Where are you currently employed?
Sony Pictures Entertainment.
“Morbius,” “Ghostbusters: Afterlife,” “Monster Hunter,” “Fatherhood,” “Connected,” “Escape Room 2,” “Peter Rabbit 2: The Runaway,” “Venom: Let There Be Carnage”… and a few more.
Describe your job.
I’m classified as a trailer editor, but I’m not actually cutting anything creatively. I’m more of a linchpin/ problem-solver/air traffic controller. I communicate between the marketing division and the different feature post-production editorial and VFX teams that are working with the studio.
Starting with dailies, I oversee clips and preview feature films out of the cutting room for our marketing teams and the creative agencies cutting the trailers, TV/digital spots, clips, and creating print materials, and continue all the way through post-opening TV spots. Pretty much every image you see marketing a Sony movie, whether on the big screen, TV, internet, cell phone, billboards, or print ads, has passed through our department at some point.
I’m on the phone a lot (2500-3000 minutes and 700-1000 texts per month) with the other trailer editors and assistants on our team, our creative execs, the vendors, and the feature cutting rooms to go over current status of projects, request material, schedule and supervise mixes and DIs [digital intermediates, a multi-task process that involves various activities that occur after picture editing and before printing] –everything to keep things moving forward.
On a typical day, we can be working on three to ten different projects. At 7 a.m., I sit at home with coffee and my laptop, answering emails I received overnight. Maybe I’m also looking at a few QTs [QuickTime .mov files] of trailers or ad spots that are almost finished. Make calls to the different guys on our team about what’s going on currently and plans/expectations for the day. I have a DI session at CO.3 [Company 3, a post-production facility] at 10 a.m. with a director, the VFX producer, and our studio’s creative exec. The picture we’re looking at was built and sent overnight from Instinctual [another post- facility] via Aspera [IBM software that moves gigantic files – for us, it’s media files – quickly and securely over the internet]. We are still waiting on seven more VFX shots to be delivered that the director approved this morning. He says he just saw them in a review and asks why they aren’t cut yet.
At the same time, I’m texting with my coworker Dave Stockslager, who is supervising that picture build and a few others at Instinctual. “What about the blood removal?” I text. He assures me it’s getting done. At SSI Hollywood [a post- facility known for producing and mixing trailers and commercials] where we’re starting a mix, Matt G the mixer says the dialogue in the mix prep [all the audio used in the mix — dialogue, effects and music — as discrete elements that can be adjusted individually by the mixer] has some issues. We try to chase down the assistant in feature sound editorial for production tracks to see if there’s better coverage or a cleaner take. I call the creative agency who worked with our creative exec on the trailer to let them know we’ll be ready for their producer and editor to listen to a mix around 2 p.m., followed by my creative exec and the filmmakers at 4 p.m. The creative vendor then says they’re on fiber [fiber optic cable that can transmit broadband quickly and over long distances] waiting for the creative (the one I’m in the DI with) to get back with them, and they’re changing a music cue, and they’ve gone up three versions since the prep they sent last night.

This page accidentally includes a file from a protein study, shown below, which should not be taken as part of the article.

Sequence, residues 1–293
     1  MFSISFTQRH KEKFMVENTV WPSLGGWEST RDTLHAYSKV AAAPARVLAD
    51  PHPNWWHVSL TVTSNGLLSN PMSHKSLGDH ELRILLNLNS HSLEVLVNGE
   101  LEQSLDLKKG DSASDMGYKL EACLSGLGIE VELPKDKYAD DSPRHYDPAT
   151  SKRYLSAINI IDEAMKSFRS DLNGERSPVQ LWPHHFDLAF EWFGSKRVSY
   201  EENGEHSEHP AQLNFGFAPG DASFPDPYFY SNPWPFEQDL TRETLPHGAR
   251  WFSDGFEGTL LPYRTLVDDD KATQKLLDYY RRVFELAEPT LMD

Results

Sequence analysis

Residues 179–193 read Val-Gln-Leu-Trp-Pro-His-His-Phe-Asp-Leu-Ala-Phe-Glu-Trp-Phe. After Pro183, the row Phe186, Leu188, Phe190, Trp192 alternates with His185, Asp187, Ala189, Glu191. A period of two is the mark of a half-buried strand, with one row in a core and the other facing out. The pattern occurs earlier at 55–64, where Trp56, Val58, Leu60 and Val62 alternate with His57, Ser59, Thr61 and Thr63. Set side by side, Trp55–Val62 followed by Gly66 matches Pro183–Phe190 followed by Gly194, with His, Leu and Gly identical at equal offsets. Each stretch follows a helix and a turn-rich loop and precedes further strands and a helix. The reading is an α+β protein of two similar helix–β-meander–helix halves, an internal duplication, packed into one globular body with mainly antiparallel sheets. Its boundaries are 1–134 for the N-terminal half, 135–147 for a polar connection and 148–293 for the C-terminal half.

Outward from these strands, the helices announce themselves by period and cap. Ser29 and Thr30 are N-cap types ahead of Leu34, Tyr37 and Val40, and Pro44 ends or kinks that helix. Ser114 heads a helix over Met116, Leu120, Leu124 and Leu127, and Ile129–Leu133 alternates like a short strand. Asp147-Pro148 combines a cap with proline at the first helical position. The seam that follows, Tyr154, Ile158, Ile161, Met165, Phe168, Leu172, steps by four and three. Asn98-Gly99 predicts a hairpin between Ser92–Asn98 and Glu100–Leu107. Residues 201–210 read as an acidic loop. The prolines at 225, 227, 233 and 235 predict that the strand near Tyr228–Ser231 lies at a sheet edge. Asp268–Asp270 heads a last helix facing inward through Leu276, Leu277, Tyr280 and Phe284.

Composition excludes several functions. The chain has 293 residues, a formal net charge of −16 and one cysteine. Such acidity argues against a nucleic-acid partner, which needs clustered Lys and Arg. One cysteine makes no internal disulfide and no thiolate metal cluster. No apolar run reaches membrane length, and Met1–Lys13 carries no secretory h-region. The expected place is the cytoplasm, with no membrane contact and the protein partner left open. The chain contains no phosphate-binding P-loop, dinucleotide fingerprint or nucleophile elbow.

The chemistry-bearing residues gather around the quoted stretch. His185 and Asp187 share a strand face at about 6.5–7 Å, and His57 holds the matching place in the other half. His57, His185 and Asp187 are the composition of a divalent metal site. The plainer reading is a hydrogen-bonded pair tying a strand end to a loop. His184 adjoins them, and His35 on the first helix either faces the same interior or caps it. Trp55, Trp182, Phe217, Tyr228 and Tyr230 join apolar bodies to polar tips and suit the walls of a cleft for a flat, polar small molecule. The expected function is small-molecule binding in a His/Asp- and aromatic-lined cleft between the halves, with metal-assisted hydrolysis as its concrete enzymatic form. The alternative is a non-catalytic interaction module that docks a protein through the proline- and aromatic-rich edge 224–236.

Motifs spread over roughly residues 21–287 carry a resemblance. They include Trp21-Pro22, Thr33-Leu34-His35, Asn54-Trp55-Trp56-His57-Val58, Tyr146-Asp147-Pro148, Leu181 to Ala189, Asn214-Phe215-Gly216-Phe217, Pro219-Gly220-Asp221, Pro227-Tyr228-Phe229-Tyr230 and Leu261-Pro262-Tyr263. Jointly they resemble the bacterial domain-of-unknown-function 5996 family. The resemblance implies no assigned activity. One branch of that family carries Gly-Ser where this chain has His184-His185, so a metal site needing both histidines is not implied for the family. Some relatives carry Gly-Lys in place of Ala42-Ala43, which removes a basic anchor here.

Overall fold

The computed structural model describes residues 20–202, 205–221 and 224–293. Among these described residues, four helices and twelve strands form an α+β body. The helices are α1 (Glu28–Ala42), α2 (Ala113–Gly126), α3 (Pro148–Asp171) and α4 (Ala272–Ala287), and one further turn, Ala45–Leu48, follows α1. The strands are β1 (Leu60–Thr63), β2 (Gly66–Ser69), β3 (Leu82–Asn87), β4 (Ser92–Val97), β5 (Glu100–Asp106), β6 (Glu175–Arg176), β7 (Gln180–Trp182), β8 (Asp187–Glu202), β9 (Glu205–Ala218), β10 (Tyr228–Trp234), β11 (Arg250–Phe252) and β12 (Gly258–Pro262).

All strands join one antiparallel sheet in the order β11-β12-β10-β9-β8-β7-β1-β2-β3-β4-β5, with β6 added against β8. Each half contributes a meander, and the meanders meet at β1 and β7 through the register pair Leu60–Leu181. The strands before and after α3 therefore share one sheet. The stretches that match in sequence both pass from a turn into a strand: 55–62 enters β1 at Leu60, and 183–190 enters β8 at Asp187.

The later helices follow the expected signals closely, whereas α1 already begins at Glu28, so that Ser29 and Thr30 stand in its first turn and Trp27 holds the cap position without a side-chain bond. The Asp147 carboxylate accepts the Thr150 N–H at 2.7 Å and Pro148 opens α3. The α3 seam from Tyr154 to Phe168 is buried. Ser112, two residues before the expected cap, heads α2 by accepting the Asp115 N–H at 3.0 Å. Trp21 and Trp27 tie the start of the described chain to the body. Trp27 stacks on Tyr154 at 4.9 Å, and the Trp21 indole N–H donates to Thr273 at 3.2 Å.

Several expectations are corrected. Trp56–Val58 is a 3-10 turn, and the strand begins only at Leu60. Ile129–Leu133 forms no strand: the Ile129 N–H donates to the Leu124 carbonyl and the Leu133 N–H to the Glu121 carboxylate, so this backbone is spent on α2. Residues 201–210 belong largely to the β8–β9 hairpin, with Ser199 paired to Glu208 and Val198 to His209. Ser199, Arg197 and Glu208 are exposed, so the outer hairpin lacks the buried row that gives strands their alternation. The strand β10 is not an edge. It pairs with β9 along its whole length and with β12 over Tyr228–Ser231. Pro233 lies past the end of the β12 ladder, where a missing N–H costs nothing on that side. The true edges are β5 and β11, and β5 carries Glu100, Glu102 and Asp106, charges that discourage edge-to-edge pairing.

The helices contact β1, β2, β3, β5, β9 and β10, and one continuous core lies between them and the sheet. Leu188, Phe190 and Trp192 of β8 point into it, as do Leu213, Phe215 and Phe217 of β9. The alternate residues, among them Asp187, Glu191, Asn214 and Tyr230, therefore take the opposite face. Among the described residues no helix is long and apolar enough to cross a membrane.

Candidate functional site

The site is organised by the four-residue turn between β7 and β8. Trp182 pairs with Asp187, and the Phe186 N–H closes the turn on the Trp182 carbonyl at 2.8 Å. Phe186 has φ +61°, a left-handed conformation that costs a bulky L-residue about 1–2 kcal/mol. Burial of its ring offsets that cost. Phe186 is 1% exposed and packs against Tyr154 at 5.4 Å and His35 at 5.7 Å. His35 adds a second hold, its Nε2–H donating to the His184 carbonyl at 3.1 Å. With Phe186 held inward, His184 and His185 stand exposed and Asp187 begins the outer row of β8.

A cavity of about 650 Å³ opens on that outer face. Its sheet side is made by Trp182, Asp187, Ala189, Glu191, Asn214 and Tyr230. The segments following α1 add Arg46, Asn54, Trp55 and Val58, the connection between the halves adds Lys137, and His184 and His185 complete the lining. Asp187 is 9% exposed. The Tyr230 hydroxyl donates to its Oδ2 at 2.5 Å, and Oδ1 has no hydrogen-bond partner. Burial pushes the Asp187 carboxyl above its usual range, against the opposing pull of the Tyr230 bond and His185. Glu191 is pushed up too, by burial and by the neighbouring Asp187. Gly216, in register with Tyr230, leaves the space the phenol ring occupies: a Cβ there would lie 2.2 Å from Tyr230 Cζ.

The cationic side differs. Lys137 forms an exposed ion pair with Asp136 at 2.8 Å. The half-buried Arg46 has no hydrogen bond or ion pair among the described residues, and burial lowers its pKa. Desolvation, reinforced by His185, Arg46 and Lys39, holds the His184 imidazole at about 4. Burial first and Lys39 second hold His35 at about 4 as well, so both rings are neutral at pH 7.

Now we’re waiting on the seven VFX and a new lock on the trailer so the mix can begin. To make the delivery target, tonight we should be shipping DCPs to Deluxe labs [DCP = Digital Cinema Package: a collection of digital files used to store and convey digital cinema audio, image, and data streams] and posting QT video files of the finished trailer to our servers for the online launch and various publicity needs. My boss, Art Shapiro, tells me there are :90 and :60 cutdowns [shorter versions] of the locked trailer for international. I tell him about the cue changing… but ugh – is it just the cue that’s changing? And how does that cue change affect the :90 and the :60 versions of the trailer? We won’t know those answers until they lock the trailer again.
It’s only 11:00am. The day is just getting started….
How did you first become interested in this line of work?
Growing up in the San Fernando Valley, I always wanted to work in the studios. It seemed like everyone’s parents and other people we knew worked in the business — kind of like if you’d grown up in Detroit, you would expect to work for GM or Ford or something else related to the auto industry. My friends were starting to get jobs in the studios as drivers, laborers, construction, grips, electricians, or in editorial, camera, film labs, etc. I knew I had to get in one way or another.
Who gave you your first break?
I owe it all to Jimmy Honore, who was then the head of post-production at Columbia Pictures/Sony. From time to time, he would stop in at this place where I was bartending in Studio City. We would talk, and we became friends. Years later, I quit the bar and decided I was either going to find a studio gig or else I was moving to Hawaii to tend bar and work at a dive shop. Jimmy invited me to the studio and had one of his post supervisors, John Naveira, show me around.